Many people who work in A.I. consider it more of a science than ML and they are right in a way. Most of ML methods are heuristics based and don’t have much theory behind them, while the ones that are tied to Stats (Statistical and ML hybrids) are heavily restrained by the assumptions that the Stats theory has. A.I. methods are generally data-driven though, but also related to processes found in nature, so they are not out of the blue.
Nevertheless, a data scientist who is being professional and pragmatic doesn’t put too much emphasis on the differences between A.I. and ML methods, since he cares more about how they can be applied to solve the problems at hand. So, even if these two families of methods are not the same, nor is one a subset of the other, they are both very useful, if not essential, in practical data science.
I understand that making predictions about these things is quite risky, but it’s good to take a stance about the things that matter, instead of playing it safe, like many tech “experts” out there do. Of course it’s easier to parrot the widely accepted views on every hot topic, gathering “likes” and positive comments, but no-one ever offered anything useful to the whole by being all lukewarm.
First of all, I’m not making a case against cryptocurrencies as a possibility. In fact, I find them immensely useful in potential, especially in a country where the conventional currency is plagued by inflation and by all the idiotic people managing the economy around it. Cryptocurrencies can be a viable alternative to the official currency, should they be used instead of a problematic fiat currency. The reality of cryptocurrencies, however, is very distant from this idealistic scenario. In fact, I’ve yet to encounter one cryptocurrency that is actually used as a currency of sorts. Most of them are some form of speculative investment, like a stock, but without any inherent value. Let that sink in for a bit; cryptocurrencies themselves have no value whatsoever.
Someone may argue that conventional currencies have no inherent value either, and that’s a valid point. However, conventional currencies’ value doesn’t fluctuate wildly over time, since there are mechanisms to keep it somewhat stable. Naturally, there are exceptions, but even an unstable currency is generally more stable than the average cryptocurrency out there. The reason is simple: people who handle cryptocurrencies do so with one particular aim: to make money off them. They don’t care if they disappear tomorrow, as long as they cash them in first. It doesn’t take a financial genius to understand that this sort of ecosystem is not sustainable. The other reason is a bit more subtle than that, yet equally important. Most cryptocurrencies require someone to constantly work for them (a process known as mining), or provide some sort of infrastructure that’s not cheap to maintain. The translates into a running cost, which may not seem much individually, but collectively it is a lot, enough to make the whole system unsustainable. This is particularly true in cases like bitcoin, where the computational problems needed to be solved to maintain the blockchain behind the cryptocurrency get progressively more challenging, and therefore more expensive. Once enough people realize that, the fascination of these cryptocurrencies may wane, especially if some regulating mechanism comes into place.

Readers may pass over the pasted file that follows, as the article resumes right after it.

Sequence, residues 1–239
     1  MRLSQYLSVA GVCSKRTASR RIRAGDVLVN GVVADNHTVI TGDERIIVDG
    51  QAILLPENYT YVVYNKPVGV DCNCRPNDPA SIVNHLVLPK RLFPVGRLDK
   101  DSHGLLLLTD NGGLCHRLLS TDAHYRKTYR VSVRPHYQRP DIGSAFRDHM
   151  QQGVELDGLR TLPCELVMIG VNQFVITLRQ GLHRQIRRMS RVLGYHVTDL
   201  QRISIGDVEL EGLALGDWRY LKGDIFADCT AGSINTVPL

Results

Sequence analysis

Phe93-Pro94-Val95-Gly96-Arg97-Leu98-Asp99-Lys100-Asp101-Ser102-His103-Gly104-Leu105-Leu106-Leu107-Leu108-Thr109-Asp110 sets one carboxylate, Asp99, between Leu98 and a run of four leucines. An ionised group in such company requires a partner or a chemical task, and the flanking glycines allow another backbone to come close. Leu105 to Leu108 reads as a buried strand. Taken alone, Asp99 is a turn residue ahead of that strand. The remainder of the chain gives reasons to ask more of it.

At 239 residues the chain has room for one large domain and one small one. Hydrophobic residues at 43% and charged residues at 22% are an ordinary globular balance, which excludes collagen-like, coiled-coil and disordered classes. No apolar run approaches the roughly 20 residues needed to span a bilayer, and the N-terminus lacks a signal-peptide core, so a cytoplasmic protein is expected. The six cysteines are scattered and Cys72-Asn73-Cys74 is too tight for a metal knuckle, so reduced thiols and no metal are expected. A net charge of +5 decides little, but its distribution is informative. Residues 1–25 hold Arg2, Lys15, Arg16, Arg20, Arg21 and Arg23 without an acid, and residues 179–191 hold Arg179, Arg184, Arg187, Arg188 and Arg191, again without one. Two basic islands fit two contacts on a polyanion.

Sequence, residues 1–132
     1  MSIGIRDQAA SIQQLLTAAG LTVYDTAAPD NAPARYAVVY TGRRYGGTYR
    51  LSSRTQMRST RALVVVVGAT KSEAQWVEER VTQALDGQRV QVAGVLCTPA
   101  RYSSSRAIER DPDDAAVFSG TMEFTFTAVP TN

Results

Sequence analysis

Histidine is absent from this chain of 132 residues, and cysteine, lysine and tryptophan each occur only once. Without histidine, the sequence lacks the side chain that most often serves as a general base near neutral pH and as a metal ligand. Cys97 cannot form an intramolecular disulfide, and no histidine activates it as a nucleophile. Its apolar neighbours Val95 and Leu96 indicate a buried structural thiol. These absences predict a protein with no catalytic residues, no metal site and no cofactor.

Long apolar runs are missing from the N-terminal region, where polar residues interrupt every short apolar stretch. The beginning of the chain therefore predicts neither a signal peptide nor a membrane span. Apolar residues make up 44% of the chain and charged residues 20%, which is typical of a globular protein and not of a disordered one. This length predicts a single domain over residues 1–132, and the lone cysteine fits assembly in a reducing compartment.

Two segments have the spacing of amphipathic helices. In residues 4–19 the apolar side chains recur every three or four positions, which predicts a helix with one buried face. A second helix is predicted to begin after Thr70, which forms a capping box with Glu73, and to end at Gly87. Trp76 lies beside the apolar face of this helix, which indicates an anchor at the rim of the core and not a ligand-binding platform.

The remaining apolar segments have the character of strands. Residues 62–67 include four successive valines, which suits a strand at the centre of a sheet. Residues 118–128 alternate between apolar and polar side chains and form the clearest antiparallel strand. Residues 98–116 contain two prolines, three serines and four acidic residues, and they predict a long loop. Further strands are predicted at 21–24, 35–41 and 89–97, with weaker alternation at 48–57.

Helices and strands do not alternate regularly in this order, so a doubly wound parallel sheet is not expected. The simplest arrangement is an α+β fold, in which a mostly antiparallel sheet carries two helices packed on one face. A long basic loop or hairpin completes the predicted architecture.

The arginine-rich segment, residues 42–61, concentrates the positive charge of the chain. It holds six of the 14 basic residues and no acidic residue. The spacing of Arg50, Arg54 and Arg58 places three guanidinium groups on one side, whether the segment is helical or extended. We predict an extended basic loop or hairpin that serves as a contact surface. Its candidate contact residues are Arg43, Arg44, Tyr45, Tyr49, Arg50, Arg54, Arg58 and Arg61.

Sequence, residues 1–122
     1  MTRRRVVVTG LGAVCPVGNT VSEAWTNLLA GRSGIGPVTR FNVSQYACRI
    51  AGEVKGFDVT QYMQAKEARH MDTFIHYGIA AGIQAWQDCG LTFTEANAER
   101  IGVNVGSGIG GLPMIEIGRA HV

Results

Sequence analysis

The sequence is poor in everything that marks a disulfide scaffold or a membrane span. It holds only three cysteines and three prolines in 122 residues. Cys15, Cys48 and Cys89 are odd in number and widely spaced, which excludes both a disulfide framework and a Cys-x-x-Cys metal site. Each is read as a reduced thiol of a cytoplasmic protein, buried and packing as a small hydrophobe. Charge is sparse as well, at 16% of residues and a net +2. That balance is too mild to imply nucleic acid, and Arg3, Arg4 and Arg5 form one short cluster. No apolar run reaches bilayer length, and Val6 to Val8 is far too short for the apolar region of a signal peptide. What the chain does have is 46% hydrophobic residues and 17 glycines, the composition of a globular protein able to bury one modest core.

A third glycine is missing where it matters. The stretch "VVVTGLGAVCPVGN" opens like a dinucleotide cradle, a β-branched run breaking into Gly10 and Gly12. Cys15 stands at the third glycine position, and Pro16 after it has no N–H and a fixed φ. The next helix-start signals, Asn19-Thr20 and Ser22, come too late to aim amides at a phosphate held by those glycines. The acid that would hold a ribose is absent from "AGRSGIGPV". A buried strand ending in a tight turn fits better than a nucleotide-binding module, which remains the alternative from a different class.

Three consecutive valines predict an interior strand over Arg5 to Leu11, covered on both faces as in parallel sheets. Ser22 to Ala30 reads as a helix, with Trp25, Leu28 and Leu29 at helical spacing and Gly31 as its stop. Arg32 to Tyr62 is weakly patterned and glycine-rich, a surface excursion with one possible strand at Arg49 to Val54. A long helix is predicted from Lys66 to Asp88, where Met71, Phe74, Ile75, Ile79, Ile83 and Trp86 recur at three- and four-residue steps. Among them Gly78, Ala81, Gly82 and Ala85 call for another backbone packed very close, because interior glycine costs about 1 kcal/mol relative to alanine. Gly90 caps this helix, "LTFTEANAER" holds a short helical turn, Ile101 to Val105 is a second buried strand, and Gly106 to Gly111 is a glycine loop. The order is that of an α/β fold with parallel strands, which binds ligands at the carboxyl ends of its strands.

Artificial Intelligence on the other hand is a completely different animal. Even the most basic applications of it add value to whoever invests in them, be it someone tackling big data problems, or someone who just wants to optimize their technical infrastructure. Through a vast variety of ways, A.I. manages to add value to the people using it, particularly if they have developed it sufficiently, thereby automating certain expensive processes. That’s why people are amazed by it and spend hours speculating how it can help bring about numerous benefits to the world. Even if there are some inevitable pitfalls in this technology, if it is handled maturely, it can be of great benefit for the whole. Besides, as a scientific field it existed and it flourished on its own, long before the futurists used it for promoting their ideology, or before it became mainstream.
Hopefully it won’t be long before the cryptocurrency craze subsides and people who waste their time and energy on it focus their efforts into something more sustainable, something that adds value to its environment rather than drain resources and time. Perhaps this could be A.I., or some other similar technology. Whatever the case, the cryptocurrencies that are around today have an expiration date, whether people are willing to accept that or not...
After investigating this topic quite a bit, as I was looking into A.I. stuff, I decided to create a video on it. To make it more complete, I included other methods too, such as Statistics-based and heuristics-based ones. Despite the excessive amount of content I put together into this project (the script was over 4000 words), I managed to keep the video at a manageable length (a bit less than half an hour). Check it out on Safari when you have some time!